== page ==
Beta readers are those wonderful people (often volunteers) who read and critique the manuscripts of our books. Chosen carefully, briefed effectively and “heard” with discernment, I regard them as the superheroes of self-publishing. They can provide forms of editing – especially in the developmental stages of a book – that many self-publishers miss out on.
Traditionally-published writers need beta readers, too. You’ll find that most successful authors have at least one and often a team of them, whether they are other writers, editors, or trusted advisors who read their work before it reaches the publisher.
Last time in our beta reader series, we talked about a wise general approach to briefing a beta reader. “Treat ‘em mean, keep ‘em keen” may or may not be my default policy with gardening, but I don’t advise it as the best way to approach beta readers! 😉 “Treat them like precious jewels and have a parade in their honour” is closer to the mark.
Let’s look at some tips for the logistical side of your briefing.
Logistics specifics (trying saying that five times fast)
I find it’s wise to be as specific as you can about practical details. (I’ve learned this the hard way, of course. 😉 ) You’ll be surprised how much we all pussyfoot around, afraid to be pushy or too directive, trying not to offend anyone… and then the exact opposite happens, and everyone ends up confused or frustrated or resentful, because of assumptions and lack of information! Aagh!
No one likes a bossy author, but the trick is to communicate. Ask them what they want, but let them know what you want as well, as it may turn out to suit them just fine, if only you’d asked.
If you are both new at this and neither of you really know what you want, that’s fine too. I usually find that just being honest and transparent with people gets much better results! There’s no shame whatsoever in newbies muddling through together — great friendships are often built that way. Even “old hands” can enjoy muddling through together.
Here are some specific practical details that you might discuss.
- When do you actually need their report? Think about it in the context of your overall schedule, don’t just pluck a date from the air. Then talk to them about how they are placed. Is a quick turnaround possible, or do they need more time? If you really do need it in a hurry, and they’re busy, perhaps they have time to do a quick read and “instinctive” response, without going into too much depth? Modify your request to suit their availability.
- Do you have a publishing deadline or a competition to enter? If so, how much time will you need to rework your manuscript in light of the beta reader’s comments and suggestions? Work back from the deadline date to figure out how much time you can allow the beta reader. I usually aim to allow six weeks for my changes AFTER the report, and six weeks for the beta reader to read and make their comments, which means giving it to them 12 weeks before deadline… but it’s not always possible. (If that sounds like a long time, maybe you and your betas are turbocharged and very fleet of foot, but bear in mind that I find MANY people underestimate how long it will take, and end up with a rushed rewrite that doesn’t do justice to the potential of their book. Just sayin’.)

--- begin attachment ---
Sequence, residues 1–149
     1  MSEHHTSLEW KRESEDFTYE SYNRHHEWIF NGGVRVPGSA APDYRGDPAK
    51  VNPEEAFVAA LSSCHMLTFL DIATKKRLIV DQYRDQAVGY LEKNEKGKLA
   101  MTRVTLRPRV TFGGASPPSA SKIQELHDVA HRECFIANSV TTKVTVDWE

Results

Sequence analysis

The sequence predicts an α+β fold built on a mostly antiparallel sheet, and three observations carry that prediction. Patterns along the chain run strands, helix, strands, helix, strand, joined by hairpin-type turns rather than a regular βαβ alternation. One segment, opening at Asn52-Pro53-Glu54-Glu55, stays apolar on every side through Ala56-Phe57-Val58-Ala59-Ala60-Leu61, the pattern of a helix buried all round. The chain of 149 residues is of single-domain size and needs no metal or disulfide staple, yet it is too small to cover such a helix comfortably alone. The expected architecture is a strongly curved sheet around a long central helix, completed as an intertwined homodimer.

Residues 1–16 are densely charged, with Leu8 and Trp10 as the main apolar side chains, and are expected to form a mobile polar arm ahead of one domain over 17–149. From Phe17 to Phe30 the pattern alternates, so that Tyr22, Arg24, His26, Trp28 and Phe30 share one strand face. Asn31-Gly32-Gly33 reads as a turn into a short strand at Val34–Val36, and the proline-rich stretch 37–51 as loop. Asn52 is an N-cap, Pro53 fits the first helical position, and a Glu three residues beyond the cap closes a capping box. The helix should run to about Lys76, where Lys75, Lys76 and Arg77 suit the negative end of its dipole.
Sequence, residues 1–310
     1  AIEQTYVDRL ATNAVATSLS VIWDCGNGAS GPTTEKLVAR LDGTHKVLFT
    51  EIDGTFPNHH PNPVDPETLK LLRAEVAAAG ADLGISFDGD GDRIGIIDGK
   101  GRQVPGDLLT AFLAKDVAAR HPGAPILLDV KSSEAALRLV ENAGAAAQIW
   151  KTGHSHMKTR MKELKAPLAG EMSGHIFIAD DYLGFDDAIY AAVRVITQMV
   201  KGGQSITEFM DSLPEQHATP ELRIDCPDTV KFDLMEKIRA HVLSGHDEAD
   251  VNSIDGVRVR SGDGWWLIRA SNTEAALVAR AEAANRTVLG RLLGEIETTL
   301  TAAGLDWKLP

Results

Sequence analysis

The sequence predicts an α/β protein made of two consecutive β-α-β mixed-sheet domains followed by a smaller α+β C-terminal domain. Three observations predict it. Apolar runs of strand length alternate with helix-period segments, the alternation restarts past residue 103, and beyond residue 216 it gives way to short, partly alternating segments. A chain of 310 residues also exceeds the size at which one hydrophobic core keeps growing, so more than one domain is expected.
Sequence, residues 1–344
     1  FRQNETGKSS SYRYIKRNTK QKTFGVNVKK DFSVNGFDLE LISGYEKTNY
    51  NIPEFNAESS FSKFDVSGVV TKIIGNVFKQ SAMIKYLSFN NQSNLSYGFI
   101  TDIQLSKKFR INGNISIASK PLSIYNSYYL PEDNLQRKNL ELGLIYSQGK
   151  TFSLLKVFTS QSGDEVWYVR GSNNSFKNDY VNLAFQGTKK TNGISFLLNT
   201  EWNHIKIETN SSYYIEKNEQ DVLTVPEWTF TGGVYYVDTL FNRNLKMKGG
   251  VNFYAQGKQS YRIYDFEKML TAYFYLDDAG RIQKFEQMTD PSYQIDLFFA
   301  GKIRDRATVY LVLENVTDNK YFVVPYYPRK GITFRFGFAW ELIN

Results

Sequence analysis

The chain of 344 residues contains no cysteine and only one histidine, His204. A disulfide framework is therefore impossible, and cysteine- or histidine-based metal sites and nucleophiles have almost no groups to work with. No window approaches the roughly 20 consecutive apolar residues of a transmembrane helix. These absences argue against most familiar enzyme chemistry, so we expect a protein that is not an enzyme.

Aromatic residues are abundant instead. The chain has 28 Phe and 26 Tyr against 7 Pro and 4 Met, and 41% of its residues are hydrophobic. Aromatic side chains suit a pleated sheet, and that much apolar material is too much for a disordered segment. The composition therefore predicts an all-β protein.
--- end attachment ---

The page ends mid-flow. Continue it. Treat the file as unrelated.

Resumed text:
- It’s often a good idea to set a timeframe, even if you don’t have an external deadline to meet. People who are given forever to get a job done will usually take, oh, round about that long. 😉 But don’t be bonkers about it. If you say, “I need it by next Wednesday,” and then you don’t publish it till 2042, and they’ve stayed home from work and neglected their children to get it done for you, it’s probably not going to create a sweet working relationship for the future!
Format to GIVE to them
Everyone has preferences for how they’d rather read. As we talked about in the general approach, do your best to provide a format they prefer. Communicate.
- Word doc? If you don’t have Word, you can usually create a readable file from Open Office, and you can even export to Word from Scrivener.
- A format for their e-reader? It’s surprisingly easy to create an ebook in a hurry using either Word + Calibre, or Scrivener.
- A printout? Some people still prefer this, so if that’s what they want, provide it if you can… but don’t be afraid to negotiate if printing and postage is too expensive for you.
- Something else I haven’t thought of? Talk to them about it.
Format to RECEIVE from them
When it comes to receiving their feedback…
- The first thing to consider is: How would THEY like to give their comments?? If you possibly can, let them do it the way they find easiest. But again, negotiate if there are problems for you.
- Would you prefer a separate text file, which they write up in Word or some other word processor?
- In the body of an email?
- Would you like them to use the “Track Changes” feature of Word within your actual manuscript?
- As notations on an ebook file if you’ve produced a .mobi or .epub for them?
- As written notes on a printout of your manuscript? (Don’t forget to provide the hard copy, or at least reimburse their printing costs, and pay for return postage.) If you’ve got beta readers in other countries, the hard copy might be a bit, well, hard to do. Paper is heavy, and manuscripts can be excruciatingly expensive to post.
- Again, it’s always good to let them go for the response format the prefer, if you possibly can. But having the discussion now will potentially avert problems later, and may just make your job easier if they’re happy to provide your preferred format.
Next time we’ll look at ways to ask for specific content in your beta report. (Subscribe to the blog using the form below, if you’d like to know when that article lands.)
What’s your experience with beta reader briefings? If you’ve been someone’s beta reader, what did you find useful? What makes it harder?
Featured image via Bigstock/Goodluz